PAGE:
Re: Evaluating RAP [message #110583 is a reply to message #110562] Mon, 27 October 2008 21:57 Go to previous messageGo to next message
Eclipse UserFriend
Originally posted by: rsternberg.innoopract.com

Hi Walter,

the focus of RAP is to allow "single sourcing" with RCP applications.
Developers should be able to run existing applications without major
rewriting. This is almost impossible to achieve with a client-side event
processing model.

As an example, what if the processing of an event needs database access?
The developer would at least need to distinguish events that need the
server side from those that do not and probably do a lot of RPC plumbing.

With regard to performance, the hardest problems for us to cope with are
related to the capabilities of today's browsers. This would hardly get
better with doing more processing on the client.

Best regards, Ralf

Walter Rumsby wrote:
> One thing that particularly interests me is the way event processing is
> handled by the server. Would it not be possible to do all (or at least
> the majority) of the server-side processing on the client instead? This
> would involve an architectural change, but would possibly lead to a more
> performant solution:
>
> * qooxdoo already provides an eventing system that works in the browser
> (AFAIK qooxdoo supports custom events as implemented JavaScript/AJAX
> libraries)
> * adding client-side event handling would obviously require additional
> JavaScript to be sent to the browser, but much of this could be cached
> so initial page load should be about the same
> * handling events without requiring a roundtrip to the server is going
> to save time and require less work from the server (which should also
> help with scalability)
>
> The server-side event processing approach is one that many libraries
> appear to favour, particularly those which provide a Java API to create
> UIs, but I've always wondered why they chose to do event processing on
> the server rather than on the client. I'd really appreciate it if
> somebody could expand on this decision.
>
> Regards,
> Walter
>
Re: Evaluating RAP [message #110607 is a reply to message #110551] Tue, 28 October 2008 09:05 Go to previous messageGo to next message
Eclipse UserFriend
Originally posted by: rsternberg.innoopract.com

Walter Rumsby wrote:
> However, if bug 250160 is resolved does this mean that images will
> *always* be used, or just in cases where themes are applied?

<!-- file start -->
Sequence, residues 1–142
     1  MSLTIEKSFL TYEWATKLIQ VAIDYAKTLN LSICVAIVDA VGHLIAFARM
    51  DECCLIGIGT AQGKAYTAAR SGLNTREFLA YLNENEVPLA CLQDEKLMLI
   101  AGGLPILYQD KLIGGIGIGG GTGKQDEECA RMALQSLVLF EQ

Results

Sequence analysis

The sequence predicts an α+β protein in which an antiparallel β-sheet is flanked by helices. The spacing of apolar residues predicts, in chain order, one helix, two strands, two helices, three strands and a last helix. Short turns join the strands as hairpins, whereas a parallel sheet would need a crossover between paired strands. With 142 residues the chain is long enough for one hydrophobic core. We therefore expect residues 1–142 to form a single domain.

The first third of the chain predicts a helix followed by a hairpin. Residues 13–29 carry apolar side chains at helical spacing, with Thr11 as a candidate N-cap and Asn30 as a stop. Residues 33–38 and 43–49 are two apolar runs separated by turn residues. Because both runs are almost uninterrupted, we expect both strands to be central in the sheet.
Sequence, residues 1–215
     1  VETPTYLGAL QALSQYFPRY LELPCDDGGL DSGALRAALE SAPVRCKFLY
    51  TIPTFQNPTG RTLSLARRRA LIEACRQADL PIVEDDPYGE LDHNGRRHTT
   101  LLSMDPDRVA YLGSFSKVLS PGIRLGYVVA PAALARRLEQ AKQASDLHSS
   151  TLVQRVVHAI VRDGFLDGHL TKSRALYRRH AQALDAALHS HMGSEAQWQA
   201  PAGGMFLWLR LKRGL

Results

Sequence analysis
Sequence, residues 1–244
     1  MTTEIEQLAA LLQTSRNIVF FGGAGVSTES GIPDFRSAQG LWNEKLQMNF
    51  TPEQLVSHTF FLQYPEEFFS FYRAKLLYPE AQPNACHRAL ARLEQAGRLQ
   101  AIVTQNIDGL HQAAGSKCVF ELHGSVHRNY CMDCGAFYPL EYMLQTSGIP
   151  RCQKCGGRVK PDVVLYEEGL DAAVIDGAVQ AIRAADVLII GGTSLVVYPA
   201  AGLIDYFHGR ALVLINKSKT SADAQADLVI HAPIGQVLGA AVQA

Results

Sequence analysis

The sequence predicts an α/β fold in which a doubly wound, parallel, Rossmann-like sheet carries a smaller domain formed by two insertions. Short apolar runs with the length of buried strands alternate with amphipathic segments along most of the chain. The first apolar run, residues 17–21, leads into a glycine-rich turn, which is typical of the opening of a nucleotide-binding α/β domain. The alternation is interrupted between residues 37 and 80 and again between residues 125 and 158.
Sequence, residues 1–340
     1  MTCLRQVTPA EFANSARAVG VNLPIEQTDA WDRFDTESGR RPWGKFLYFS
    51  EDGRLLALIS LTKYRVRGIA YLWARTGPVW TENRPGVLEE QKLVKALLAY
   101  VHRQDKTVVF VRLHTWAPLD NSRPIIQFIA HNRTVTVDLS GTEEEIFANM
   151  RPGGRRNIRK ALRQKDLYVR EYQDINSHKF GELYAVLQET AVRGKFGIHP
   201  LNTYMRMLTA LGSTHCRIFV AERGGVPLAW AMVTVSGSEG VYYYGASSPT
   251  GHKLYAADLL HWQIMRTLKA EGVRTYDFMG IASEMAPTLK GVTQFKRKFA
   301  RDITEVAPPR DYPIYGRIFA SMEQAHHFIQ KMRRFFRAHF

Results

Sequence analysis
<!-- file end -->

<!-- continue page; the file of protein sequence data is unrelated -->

Always.

Ralf
Re: Evaluating RAP [message #110670 is a reply to message #110419] Tue, 28 October 2008 20:41 Go to previous message
Stefan Hansel is currently offline Stefan HanselFriend
Messages: 103
Registered: July 2009
Senior Member
>> Have issues like accessibility and automated testing (of the UI,
>> e.g. using something like WATFO, Canoo WebTest, etc.) been considered?

Coming from the desktop-world we have good experience in testing
Swing-Applications with the abbot-framework.
With abbot it is also possible to test SWT-apps (likewise with any other
framework on the market).

Given that from my knowing there is no 'official' way to do RAP-webtests,
we decided to use abbot.swt to automatically test most of our
GUI-behaviour-related functionality in our (single-sourced)-SWT/RAP
application.
Those test are more straightforward to write in java anyway and we achieve
an average automated test-coverage of 80% GUI-code this way.

This setup of course relies on some assumptions, most notably:
- we heavily rely on RAP to have no bugs, when bringing our app the web :D

This is of course verified while developing and with some final manual
web-tests on each iteration.


For further improvement and reliablity we prototyped web-tests with
Selenium. This worked good so far (using the Selenium-Qooxdoo-Extension
available on the qooxdoo-webpage).
There are some issues with timing (e.g. robustly waiting for
rwt-ajax-request to return, instead of just waiting some milliseconds
before each click) which we were able to solve (but some deeper qooxdoo
and RWT javascript knowledge is needed for that).

Next steps involve to write a thin Java-Layer around those
'robust-waiting'-functions.
Furthermore we think of writing a thin Java-Layer for easy finding of
elements which we want to click/test, as we know it from abbot.
This layers will hopefully ease the use of Selenium in our webtests and
hide the difficulties from the actual test-writers.

Regards,
Stefan